McDonald County campus holds ribbon cutting ceremony

Dr. James B. Tatum, a lifelong resident of McDonald County, speaks to the crowd of over 200 people that showed up for the grand opening of the new McDonald County campus in Jane on Jan. 10.
Photo by Ryan Land | Sports Editor
James B. Tatum, a lifelong resident of McDonald County, speaks at the grand opening of the new McDonald County campus on Jan. 10.
Ryan Land
Sports Editor

Crowder College officials held a ribbon cutting ceremony on Jan. 10 at the new McDonald County campus in Jane, where over 200 people attended.

Many faculty and staff members of the school, as well as the Board of Trustees, were present at the ceremony. Special guests from outside the campus included: former Crowder president and current Missouri Southern State University interim president Dr. Alan Marble, Missouri state representatives and senators, as well as McDonald County community leaders.

Speeches were given by Pam Hudson, director of the McDonald County campus; Dr. Kent Farnsworth, interim president of Crowder; as well as longtime Crowder Board of Trustees Member James B. Tatum.

During Hudson’s speech, she described a conversation between herself and a worker involving the funding for the building.

“I said ‘I have been involved both at Crowder and other places involved in fundraising for projects and this has been the first time I have ever been involved in a building project where every space has been sponsored by people,'” said Hudson in her speech.

The worker, who was affiliated with a sign company, asked Hudson, “Oh, is there a lot of Northwest Arkansas money in this building?”

“I said, ‘no there’s not,'” stated Hudson. “‘There is a lot of McDonald County money in this building.'”

Hudson wrapped up her speech explaining that the new campus would always carry the heartbeat of McDonald County, all because of the support of many local McDonald County residents.

“McDonald County will always be the essence of this place,” Hudson said.

During the ceremony, Dr. Farnsworth, who was hired last summer to serve as interim president for this current school year, honored the many people who contributed a role in the creation of the new campus.

Farnsworth also admitted in his speech he was impressed with the community’s actions and emotions of getting the building constructed.

“This building is perhaps the best example I have ever seen of a community coming together,” said Farnsworth. “In addition to the names that are above the doors, as I’ve had a chance to watch this during the last six months, you could hear the heartbeat of this county beating in this building as it came together. Everywhere you went, people asked how the building was coming along and was anxious to get in there and see it.”

Two separate ribbon cuttings were held at the conclusion of Dr. Farnsworth’s speech. James B. Tatum and Rudy Farber were a part of the first ribbon cutting, while the second cutting was for the donors of the building.

Tatum, a longtime McDonald County resident, took to the podium and expressed his emotions about the new building.

“This is amazing…awesomely so,” said Tatum with a smile.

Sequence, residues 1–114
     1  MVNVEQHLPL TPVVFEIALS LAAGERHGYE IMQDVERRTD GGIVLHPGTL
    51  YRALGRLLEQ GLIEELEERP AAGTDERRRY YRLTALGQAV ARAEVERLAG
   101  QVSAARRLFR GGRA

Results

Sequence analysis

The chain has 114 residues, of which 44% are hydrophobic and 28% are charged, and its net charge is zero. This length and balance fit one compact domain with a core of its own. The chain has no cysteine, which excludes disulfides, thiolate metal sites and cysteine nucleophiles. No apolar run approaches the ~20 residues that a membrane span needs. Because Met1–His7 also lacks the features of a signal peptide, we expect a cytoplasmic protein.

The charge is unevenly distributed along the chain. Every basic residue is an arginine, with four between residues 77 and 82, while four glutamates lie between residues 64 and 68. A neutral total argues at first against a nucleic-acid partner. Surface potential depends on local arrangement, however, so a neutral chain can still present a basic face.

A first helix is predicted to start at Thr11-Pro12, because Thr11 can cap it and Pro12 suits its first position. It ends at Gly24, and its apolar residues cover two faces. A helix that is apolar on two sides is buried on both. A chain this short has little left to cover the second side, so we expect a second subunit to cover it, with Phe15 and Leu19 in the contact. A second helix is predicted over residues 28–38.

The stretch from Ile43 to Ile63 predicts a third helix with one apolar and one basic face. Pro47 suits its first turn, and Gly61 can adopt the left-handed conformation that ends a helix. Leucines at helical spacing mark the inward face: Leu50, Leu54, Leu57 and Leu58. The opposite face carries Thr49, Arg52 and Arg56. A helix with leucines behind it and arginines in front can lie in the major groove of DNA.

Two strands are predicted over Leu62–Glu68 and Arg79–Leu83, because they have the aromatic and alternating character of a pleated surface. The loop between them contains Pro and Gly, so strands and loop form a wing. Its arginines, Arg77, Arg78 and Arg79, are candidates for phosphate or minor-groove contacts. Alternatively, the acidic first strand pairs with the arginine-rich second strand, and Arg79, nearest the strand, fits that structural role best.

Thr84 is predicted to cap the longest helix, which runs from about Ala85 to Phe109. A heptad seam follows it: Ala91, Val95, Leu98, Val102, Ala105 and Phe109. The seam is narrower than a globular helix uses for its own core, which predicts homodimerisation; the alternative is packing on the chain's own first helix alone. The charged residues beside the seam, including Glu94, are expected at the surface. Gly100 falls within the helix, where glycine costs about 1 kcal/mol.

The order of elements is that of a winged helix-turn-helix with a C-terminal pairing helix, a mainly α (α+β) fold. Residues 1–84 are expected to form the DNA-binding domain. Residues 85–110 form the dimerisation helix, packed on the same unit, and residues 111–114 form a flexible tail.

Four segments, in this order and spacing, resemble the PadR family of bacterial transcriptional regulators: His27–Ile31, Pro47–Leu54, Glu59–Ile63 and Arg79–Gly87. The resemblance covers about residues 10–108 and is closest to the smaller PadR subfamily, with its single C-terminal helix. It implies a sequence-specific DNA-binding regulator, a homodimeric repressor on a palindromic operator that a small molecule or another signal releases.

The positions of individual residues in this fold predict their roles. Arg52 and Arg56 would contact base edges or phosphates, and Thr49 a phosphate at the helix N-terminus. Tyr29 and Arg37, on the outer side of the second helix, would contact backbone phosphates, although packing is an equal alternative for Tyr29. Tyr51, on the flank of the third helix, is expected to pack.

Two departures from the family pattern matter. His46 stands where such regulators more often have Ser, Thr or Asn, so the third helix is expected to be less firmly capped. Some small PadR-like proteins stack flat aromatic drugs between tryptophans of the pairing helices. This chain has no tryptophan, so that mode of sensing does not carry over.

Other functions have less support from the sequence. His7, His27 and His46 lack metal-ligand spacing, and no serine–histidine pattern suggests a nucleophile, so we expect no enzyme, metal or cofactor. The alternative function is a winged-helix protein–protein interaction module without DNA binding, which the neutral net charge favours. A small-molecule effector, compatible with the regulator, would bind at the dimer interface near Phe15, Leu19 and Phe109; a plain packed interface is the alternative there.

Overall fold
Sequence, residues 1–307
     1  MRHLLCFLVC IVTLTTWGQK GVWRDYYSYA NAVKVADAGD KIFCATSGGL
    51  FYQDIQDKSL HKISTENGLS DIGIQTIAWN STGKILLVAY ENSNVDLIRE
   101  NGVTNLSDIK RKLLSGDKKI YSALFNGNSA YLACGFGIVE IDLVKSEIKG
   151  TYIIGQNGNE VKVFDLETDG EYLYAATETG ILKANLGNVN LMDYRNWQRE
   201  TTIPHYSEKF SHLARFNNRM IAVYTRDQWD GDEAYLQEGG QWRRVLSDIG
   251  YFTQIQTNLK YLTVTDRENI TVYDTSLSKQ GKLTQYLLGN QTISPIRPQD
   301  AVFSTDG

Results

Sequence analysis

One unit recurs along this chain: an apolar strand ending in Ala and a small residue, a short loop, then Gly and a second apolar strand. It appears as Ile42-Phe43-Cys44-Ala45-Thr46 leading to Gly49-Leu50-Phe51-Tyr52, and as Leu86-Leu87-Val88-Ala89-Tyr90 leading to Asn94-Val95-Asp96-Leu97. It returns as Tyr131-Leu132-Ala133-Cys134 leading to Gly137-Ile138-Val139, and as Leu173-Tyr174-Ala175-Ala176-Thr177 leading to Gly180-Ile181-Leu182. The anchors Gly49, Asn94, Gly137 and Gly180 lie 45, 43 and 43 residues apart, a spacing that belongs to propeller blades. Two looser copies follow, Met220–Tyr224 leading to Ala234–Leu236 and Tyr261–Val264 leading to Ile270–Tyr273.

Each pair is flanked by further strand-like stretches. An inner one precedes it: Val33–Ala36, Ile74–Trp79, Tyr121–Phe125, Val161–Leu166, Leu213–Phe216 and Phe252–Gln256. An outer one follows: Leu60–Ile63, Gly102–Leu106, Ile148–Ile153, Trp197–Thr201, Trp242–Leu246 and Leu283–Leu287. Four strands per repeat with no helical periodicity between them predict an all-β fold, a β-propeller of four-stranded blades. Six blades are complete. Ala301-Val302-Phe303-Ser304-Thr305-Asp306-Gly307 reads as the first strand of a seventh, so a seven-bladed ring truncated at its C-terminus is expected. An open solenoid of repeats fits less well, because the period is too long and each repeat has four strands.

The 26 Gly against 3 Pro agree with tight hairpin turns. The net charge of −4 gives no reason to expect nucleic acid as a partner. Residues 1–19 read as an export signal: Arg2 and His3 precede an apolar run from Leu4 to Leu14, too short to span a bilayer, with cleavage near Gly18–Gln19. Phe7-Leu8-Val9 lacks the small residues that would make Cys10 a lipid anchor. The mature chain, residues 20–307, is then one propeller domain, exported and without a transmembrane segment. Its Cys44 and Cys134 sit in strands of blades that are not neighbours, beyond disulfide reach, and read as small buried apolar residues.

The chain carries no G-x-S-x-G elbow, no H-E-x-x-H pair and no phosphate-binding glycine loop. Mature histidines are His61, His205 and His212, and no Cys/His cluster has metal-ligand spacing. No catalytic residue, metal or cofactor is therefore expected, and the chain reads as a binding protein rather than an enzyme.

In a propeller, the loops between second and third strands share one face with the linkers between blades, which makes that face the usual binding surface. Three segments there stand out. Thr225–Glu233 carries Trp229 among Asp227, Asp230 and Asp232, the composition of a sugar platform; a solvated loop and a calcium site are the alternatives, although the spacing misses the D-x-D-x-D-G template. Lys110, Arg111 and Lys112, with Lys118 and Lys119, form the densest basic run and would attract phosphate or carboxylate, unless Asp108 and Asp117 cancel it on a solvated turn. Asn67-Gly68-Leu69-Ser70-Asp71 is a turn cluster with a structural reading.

Tatum went on to address the number one issue that prospective students face before going to college, and gave everybody in attendance the solution to that problem.

“All they needed in my experiences was to overcome a little fear,” Tatum stated. “That’s what we all should be about is helping folks take advantage of their opportunity, overcoming their fears, and we’re going to try to do the rest right here in this county.”

As rain kept the ceremony indoors, the weather did not keep Tatum from enjoying the special day in school history.

“I’m grateful for the rain,” admitted Tatum. “The Chinese say that’s a wonderful, wonderful sign. And we had it, and I felt so good about it, I thought for a moment about Gene Kelly, and I was going to jump up and sing and dance in the rain. That would have been a heck of a miracle.”

In Rudy Farber’s short speech, he mentioned a question he was asked from one of the members of the Board of Trustees, regarding whether or not he believed the new campus would happen.

“I never doubted it,” stated Farber, CEO of Community Bank and Trust.

Upon completion of the master ceremony, donors to the building were given the chance to cut the ribbon to their sponsored area of the building. The remainder of the guests were invited to tour the building, as well as enjoy refreshments, courtesy of Great Western Dining.

The new campus, which will officially be named the James B. Tatum Hall at a dedication ceremony on Jan. 19 at 2 p.m., will include six classrooms, two computer labs, a chemistry lab, a bookstore, a nursing skills lab, testing areas, a student commons area, study areas and a conference room that will sit up to 200 people.

Before construction started on the new campus, classes for McDonald County residents were held at McDonald County High School in Anderson, as well as the Hometown Bank in Jane. Nursing classes were held at a former lumberyard in Pineville.

The building was constructed by Nabholz Construction of Rogers, Ark.

On campus classes for students not involved with the nursing program will not begin until Jan. 21. Students are being advised to check their Blackboard and MyCrowder accounts for assignments in their classes. Nursing students will meet at the new campus during the first week of school, and instructors are being advised to give their students appropriate breaks due to the restroom facilities being out of order.

The new campus is located at 194 College Rd., just north of the Jane Walmart.